The Ultimate Guide To Ghosting: Why People Do It, How To Respond & More
Your date from last weekend still hasn't texted you back about hanging out again. A promising new lead at work suddenly stopped responding after you shared your rates. The guy on Facebook Marketplace who offered to buy your old television just never came to pick it up, and you never heard from him again.
It comes in many different forms, but the experience of being ghosted is universal. And most of us would probably agree: ghosting sucks.
What is ghosting?
Ghosting is when someone stops responding to messages and disappears from a relationship without explanation, usually in the context of dating. The term can also be used for any situation where a person abruptly stops communicating or showing up, such as when a friend starts ignoring your texts or when an employee just stops showing up to work without ever formally quitting.
"Ghosting exists on a spectrum and can happen at literally any part of dating, from disappearing from a chat on a dating app and unmatching, to leaving your text messages on 'Read' after a date, to cutting off all communication with you after years of dating," explains sex and dating coach Myisha Battle, M.S. "All of this is ghosting behavior."
Many relationship experts discourage ghosting because of the way it affects the person being ghosted. "It leaves the other person to guess at what they did or didn't do to cause you to ditch them. That guessing is the specter that looms in people's lives after a disappearance," Battle tells mbg.
According to clinical psychologist Carla Marie Manly, Ph.D., that lack of closure can trigger feelings of uncertainty, confusion, anxiety, and even reduced self-esteem in the person being ghosted. "In general, ghosting is disrespectful and tends to perpetuate patterns of dismissiveness and avoidance," she says.
13 examples of ghosting:
- Ignoring or choosing not to respond to someone's texts or emails indefinitely
- Leaving someone's text messages on "Read"...forever
- Going on a date with someone and then never speaking with them again, despite them trying to follow up
- Unmatching with someone on a dating app in the middle of a conversation without explanation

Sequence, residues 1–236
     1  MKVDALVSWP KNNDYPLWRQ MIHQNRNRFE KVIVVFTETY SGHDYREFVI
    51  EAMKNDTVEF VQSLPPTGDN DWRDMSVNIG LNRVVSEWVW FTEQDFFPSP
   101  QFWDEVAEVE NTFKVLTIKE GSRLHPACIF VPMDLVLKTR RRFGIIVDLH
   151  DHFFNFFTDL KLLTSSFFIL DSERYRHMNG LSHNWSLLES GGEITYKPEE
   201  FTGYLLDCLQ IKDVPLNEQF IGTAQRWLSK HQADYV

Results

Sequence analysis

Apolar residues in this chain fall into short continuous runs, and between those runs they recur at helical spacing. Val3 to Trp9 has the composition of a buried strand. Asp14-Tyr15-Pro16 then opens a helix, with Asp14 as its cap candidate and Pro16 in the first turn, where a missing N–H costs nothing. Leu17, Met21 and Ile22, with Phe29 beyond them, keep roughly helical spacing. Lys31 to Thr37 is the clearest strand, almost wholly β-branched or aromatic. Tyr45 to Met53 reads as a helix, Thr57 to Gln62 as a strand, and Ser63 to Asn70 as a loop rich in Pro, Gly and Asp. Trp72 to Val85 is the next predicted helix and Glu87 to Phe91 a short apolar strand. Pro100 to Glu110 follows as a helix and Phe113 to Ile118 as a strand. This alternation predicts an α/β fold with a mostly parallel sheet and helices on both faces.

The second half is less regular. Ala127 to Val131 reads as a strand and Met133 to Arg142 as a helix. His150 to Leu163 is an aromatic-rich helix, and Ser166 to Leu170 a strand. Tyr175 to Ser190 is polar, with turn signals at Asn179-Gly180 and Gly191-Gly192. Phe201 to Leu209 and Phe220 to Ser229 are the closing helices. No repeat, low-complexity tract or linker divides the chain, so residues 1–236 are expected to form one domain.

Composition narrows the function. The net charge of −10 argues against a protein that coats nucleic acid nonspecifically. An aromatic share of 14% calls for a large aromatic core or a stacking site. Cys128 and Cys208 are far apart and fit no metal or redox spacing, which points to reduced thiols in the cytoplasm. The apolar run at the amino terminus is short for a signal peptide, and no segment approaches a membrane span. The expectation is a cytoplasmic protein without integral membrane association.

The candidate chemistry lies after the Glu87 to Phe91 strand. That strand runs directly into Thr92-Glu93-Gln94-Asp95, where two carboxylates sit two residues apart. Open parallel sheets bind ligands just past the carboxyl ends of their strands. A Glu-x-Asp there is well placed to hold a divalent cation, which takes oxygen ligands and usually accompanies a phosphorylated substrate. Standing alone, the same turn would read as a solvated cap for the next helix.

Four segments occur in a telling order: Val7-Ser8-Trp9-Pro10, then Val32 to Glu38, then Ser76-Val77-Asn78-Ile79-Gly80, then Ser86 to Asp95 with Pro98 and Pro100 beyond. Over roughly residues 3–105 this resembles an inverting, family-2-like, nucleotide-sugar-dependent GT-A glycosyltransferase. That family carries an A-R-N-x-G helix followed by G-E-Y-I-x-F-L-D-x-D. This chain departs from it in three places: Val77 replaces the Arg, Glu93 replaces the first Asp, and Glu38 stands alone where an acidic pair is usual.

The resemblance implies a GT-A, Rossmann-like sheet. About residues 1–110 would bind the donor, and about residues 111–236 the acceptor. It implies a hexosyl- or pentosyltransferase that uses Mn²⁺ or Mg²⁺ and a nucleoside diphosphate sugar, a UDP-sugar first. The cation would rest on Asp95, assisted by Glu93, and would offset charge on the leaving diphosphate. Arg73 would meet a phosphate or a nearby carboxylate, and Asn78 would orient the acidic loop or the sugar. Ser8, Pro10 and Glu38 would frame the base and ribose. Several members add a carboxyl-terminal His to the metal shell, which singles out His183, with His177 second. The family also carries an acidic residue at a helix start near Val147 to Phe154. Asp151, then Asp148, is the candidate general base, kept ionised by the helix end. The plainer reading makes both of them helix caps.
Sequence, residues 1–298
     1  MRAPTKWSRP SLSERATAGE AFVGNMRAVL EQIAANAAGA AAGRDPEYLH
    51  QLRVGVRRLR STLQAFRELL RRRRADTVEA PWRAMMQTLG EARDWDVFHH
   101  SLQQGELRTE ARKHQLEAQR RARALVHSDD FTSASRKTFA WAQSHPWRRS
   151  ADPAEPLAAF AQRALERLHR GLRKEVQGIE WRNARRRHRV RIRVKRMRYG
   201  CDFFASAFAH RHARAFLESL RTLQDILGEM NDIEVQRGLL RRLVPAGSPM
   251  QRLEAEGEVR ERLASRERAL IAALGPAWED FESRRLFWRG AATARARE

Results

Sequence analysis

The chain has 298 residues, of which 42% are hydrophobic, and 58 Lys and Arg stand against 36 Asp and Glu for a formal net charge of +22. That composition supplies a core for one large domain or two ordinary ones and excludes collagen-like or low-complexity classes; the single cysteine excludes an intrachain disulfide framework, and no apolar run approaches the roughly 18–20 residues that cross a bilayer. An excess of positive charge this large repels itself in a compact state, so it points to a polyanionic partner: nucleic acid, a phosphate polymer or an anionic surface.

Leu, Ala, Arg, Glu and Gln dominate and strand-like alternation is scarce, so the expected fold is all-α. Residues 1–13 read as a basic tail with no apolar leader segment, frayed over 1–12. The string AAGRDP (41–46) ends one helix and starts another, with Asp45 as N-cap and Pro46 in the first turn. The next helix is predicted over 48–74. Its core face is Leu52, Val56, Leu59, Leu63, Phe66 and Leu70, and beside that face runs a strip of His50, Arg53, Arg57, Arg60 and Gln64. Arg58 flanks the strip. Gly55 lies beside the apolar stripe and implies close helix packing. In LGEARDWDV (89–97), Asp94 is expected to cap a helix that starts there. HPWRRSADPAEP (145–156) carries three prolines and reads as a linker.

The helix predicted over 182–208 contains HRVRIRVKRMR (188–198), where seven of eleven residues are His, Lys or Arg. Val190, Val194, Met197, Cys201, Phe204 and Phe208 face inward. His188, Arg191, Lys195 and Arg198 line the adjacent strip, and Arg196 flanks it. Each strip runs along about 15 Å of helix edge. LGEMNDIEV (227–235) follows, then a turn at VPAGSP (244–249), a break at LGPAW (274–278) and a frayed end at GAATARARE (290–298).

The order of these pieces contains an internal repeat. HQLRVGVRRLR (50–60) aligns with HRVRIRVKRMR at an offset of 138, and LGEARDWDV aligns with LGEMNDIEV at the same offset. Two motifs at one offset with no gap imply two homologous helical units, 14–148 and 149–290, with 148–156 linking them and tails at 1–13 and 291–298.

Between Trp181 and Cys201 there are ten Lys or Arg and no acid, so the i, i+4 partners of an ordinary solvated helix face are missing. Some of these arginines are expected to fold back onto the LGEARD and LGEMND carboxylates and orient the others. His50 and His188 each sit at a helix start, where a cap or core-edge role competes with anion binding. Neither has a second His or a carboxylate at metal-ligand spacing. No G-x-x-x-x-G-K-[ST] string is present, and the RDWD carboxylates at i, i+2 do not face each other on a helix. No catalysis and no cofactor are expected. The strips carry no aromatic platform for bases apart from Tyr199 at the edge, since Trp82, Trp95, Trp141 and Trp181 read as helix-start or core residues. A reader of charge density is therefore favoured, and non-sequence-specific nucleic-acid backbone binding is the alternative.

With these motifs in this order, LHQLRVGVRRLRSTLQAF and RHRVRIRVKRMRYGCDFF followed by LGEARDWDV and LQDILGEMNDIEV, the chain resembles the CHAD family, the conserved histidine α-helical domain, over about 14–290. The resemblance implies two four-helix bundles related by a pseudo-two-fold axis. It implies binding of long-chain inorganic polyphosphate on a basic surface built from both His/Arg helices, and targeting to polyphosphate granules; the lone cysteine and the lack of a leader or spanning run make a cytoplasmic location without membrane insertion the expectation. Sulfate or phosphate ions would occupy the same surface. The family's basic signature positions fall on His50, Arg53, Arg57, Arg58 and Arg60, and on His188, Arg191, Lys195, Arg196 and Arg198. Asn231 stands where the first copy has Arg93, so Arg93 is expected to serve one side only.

- No longer responding to a friend or someone you'd been talking with regularly, even when they reach out multiple times trying to get in touch
- Suddenly cutting off all communication with someone after dating for months or even years
- Intentionally responding slowly, briefly, or noncommittally to texts so they eventually stop reaching out
- Setting up a date with someone and just not showing up, with no explanation, follow-ups, or apology
- Interviewing someone for a job and then never letting them know if they didn't get the position
- Quitting your job without telling your employer
- Suddenly stopping showing up to your sessions with a therapist, personal trainer, etc., without telling them that you're no longer wanting to work with them
- Scheduling an appointment but then never showing up, without warning or explanation
- Sending someone a DM but then never saying anything else after they respond
How the term became popularized.
The phenomenon of ghosting has likely been around since the dawn of time. Consider the cavewomen who had to start getting choosy with their sexual partners because they didn't want to birth a child with someone who could disappear without a trace shortly thereafter, or the lovelorn man in Colonial times pouring his heart out in handwritten letters to some distant lover, only to never hear back. Many a '90s rom-com, too, featured a despondent leading lady hovering over a landline telephone for days on end, waiting hopelessly for the guy who took her out a few days ago to call her up and ask her out again. (He often never did.)
While the behavior itself isn't new, the term "ghosting" itself rose to popularity in the early 2010s. In 2015, after online tabloids ran headlines about how Charlize Theron "ghosted" Sean Penn, the New York Times even wrote an explainer on the term, calling it "the ultimate silent treatment." Merriam-Webster added it to the dictionary in 2017.